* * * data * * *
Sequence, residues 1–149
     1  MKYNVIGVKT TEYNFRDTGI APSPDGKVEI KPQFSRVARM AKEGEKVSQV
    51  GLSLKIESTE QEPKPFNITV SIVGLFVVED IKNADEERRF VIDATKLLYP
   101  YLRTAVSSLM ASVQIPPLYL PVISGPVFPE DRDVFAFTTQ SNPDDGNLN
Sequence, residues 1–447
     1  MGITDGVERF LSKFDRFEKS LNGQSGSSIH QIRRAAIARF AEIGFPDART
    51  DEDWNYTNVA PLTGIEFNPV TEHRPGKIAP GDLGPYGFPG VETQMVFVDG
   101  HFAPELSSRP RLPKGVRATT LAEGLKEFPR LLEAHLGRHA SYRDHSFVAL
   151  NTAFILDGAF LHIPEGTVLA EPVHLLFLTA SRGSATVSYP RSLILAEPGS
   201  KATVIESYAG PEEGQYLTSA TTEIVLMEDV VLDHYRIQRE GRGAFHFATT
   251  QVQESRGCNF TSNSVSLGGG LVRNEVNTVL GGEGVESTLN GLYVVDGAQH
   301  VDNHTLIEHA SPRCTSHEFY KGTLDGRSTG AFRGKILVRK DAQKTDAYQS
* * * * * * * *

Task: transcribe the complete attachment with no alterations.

Sequence, residues 1–149
     1  MKYNVIGVKT TEYNFRDTGI APSPDGKVEI KPQFSRVARM AKEGEKVSQV
    51  GLSLKIESTE QEPKPFNITV SIVGLFVVED IKNADEERRF VIDATKLLYP
   101  YLRTAVSSLM ASVQIPPLYL PVISGPVFPE DRDVFAFTTQ SNPDDGNLN
Sequence, residues 1–447
     1  MGITDGVERF LSKFDRFEKS LNGQSGSSIH QIRRAAIARF AEIGFPDART
    51  DEDWNYTNVA PLTGIEFNPV TEHRPGKIAP GDLGPYGFPG VETQMVFVDG
   101  HFAPELSSRP RLPKGVRATT LAEGLKEFPR LLEAHLGRHA SYRDHSFVAL
   151  NTAFILDGAF LHIPEGTVLA EPVHLLFLTA SRGSATVSYP RSLILAEPGS
   201  KATVIESYAG PEEGQYLTSA TTEIVLMEDV VLDHYRIQRE GRGAFHFATT
   251  QVQESRGCNF TSNSVSLGGG LVRNEVNTVL GGEGVESTLN GLYVVDGAQH
   301  VDNHTLIEHA SPRCTSHEFY KGTLDGRSTG AFRGKILVRK DAQKTDAYQS